Ok, as promised, I'm going to continue working off of a presentation from Ravi Zacharias (specifically this one part 1 part 2). In the talk, he gives four 'tudes to carry into our prayer life. Last week was certitude, this week it's solitude. Solitude is not very popular in this day and age. It's almost become a dirty word. We have the idea that wanting to be alone and away from everything is unhealthy. Too much of it certainly is, but regularly shutting out the world, especially to commune with God, is not just healthy, it's a necessity of prayer life. There are numerous times throughout the Old and New Testament of God's people stepping away from everything so they can focus entirely on listening the what God has to say to them. One of the best known examples is from Jesus Himself, in the Garden of Gethsemane. Hours away from the culmination of His earthly mission, He went away from everything, even His closest disciples, to pray to God, to confirm His instructions. Numerous other times throughout the Gospels Jesus withdraws, departs, and sends everyone away for His prayer time. If that's not sufficient evidence to show it's an important idea, I don't know what is.
Solitude is very difficult in our modern times. We have created such a connected world, such a 24/7 world, that getting off the grid, even for an hour a day often seems impossible. But remember the words of Jesus when His disciples were falling asleep as He took His solitude, "Could you not tarry one hour?" Trust me, I know it's hard to shut off the cell phone, step away from the keyboard, kick the thoughts of all that stuff that needs done and what we want to be doing out of our heads and just be open to what God is giving us. But it is possible. And I'm sure, based on the testimony of many others, that the more one does it, the easier it gets.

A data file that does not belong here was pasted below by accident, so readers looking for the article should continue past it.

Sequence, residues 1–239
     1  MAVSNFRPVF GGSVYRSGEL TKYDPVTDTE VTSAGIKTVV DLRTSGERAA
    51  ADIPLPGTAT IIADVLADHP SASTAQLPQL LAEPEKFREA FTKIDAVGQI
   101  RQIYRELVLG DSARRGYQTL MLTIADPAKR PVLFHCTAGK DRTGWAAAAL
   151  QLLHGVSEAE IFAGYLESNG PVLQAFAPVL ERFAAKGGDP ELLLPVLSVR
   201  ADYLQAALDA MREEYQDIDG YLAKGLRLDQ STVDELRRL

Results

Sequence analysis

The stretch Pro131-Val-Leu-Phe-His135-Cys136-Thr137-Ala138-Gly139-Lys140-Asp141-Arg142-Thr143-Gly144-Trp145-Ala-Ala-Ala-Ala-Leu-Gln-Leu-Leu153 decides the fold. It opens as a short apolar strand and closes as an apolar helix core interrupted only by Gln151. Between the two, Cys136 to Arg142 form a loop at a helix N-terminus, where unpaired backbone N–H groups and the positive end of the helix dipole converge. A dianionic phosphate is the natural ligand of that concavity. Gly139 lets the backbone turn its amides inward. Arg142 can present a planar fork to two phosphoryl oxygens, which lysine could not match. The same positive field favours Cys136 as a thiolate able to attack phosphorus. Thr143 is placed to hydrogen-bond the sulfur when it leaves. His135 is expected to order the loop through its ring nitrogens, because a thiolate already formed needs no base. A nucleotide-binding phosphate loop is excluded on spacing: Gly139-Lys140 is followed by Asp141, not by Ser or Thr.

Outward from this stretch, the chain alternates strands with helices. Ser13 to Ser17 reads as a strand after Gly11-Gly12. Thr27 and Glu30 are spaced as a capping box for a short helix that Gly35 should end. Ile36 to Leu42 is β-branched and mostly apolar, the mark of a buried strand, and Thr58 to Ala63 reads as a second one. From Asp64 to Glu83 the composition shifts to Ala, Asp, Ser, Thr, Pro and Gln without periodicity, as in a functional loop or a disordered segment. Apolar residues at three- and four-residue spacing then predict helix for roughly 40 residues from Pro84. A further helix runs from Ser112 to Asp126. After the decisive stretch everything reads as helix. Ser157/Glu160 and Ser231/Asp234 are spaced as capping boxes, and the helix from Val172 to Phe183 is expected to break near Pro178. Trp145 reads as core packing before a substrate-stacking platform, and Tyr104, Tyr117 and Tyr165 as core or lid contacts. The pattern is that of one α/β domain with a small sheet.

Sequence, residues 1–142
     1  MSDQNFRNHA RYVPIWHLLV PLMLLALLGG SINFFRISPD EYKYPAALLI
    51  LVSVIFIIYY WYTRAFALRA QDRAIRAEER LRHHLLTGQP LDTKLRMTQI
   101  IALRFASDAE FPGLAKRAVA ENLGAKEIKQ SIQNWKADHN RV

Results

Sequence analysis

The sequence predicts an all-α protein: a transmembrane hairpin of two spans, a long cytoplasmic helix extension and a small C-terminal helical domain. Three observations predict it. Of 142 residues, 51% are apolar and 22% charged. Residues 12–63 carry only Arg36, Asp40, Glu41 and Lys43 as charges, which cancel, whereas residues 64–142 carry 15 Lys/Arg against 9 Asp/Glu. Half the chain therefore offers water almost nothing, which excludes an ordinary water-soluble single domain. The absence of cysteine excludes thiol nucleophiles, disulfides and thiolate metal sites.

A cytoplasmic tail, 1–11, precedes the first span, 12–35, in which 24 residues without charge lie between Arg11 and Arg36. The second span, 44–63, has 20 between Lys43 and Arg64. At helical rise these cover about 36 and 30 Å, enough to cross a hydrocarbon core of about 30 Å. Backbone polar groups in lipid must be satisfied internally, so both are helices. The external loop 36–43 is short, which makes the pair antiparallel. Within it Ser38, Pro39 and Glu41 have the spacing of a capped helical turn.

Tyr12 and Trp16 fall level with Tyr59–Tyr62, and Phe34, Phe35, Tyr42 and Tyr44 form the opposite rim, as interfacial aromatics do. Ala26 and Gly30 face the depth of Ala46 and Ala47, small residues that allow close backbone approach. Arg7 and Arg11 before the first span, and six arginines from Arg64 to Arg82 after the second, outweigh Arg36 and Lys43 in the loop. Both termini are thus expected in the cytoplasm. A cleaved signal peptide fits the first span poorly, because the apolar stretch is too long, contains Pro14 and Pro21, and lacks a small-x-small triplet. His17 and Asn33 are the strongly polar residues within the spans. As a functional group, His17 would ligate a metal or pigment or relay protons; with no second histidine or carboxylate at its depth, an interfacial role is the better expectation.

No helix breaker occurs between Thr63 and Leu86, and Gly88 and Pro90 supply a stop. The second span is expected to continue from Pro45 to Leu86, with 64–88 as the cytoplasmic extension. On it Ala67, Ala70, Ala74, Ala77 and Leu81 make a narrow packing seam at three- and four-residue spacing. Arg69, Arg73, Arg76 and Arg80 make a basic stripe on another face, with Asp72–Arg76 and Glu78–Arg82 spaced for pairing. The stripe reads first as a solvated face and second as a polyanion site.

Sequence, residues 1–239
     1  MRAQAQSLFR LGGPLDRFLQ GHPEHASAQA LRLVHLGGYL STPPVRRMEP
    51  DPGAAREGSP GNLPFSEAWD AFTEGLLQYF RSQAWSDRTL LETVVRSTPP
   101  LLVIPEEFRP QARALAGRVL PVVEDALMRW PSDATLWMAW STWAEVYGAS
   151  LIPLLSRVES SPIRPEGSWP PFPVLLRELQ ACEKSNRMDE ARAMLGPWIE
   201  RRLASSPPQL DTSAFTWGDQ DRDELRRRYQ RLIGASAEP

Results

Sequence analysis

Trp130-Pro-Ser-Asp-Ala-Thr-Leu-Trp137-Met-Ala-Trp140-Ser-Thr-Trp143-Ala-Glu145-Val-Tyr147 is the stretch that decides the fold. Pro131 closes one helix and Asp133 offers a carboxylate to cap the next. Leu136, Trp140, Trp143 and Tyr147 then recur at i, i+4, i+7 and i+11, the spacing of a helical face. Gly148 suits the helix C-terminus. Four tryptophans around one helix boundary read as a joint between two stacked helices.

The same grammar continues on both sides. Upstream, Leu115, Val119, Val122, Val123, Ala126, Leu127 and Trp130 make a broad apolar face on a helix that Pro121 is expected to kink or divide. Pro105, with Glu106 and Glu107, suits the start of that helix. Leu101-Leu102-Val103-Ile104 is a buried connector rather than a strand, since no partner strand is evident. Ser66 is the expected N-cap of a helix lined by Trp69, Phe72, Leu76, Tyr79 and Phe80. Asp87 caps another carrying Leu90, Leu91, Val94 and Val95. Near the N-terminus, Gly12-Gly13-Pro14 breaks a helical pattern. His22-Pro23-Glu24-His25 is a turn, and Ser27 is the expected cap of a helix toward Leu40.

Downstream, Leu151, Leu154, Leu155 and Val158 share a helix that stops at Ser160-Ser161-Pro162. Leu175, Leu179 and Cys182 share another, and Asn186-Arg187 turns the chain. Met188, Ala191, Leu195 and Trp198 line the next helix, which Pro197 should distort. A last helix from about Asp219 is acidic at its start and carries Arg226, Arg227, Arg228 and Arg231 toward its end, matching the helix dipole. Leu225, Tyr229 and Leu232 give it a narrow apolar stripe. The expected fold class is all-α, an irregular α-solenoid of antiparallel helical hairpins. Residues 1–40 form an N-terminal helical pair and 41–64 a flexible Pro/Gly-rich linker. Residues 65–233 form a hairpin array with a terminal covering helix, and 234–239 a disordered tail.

When we do manage to shut the world out, just for a little while, we put our focus where it's supposed to be, on God and His directions for us. As that focus becomes more of a regular part of our prayer life, it starts seeping into the rest of our lives too. The more of that focus that our hour by hour life soaks up, the more we are able to see each step of the path we are supposed to be walking, what the actions are that God wants from us in that everyday life. Isn't that worth waiting an hour to see the latest Lolcat or learning that your Facebook buddy is having a steak dinner tonight?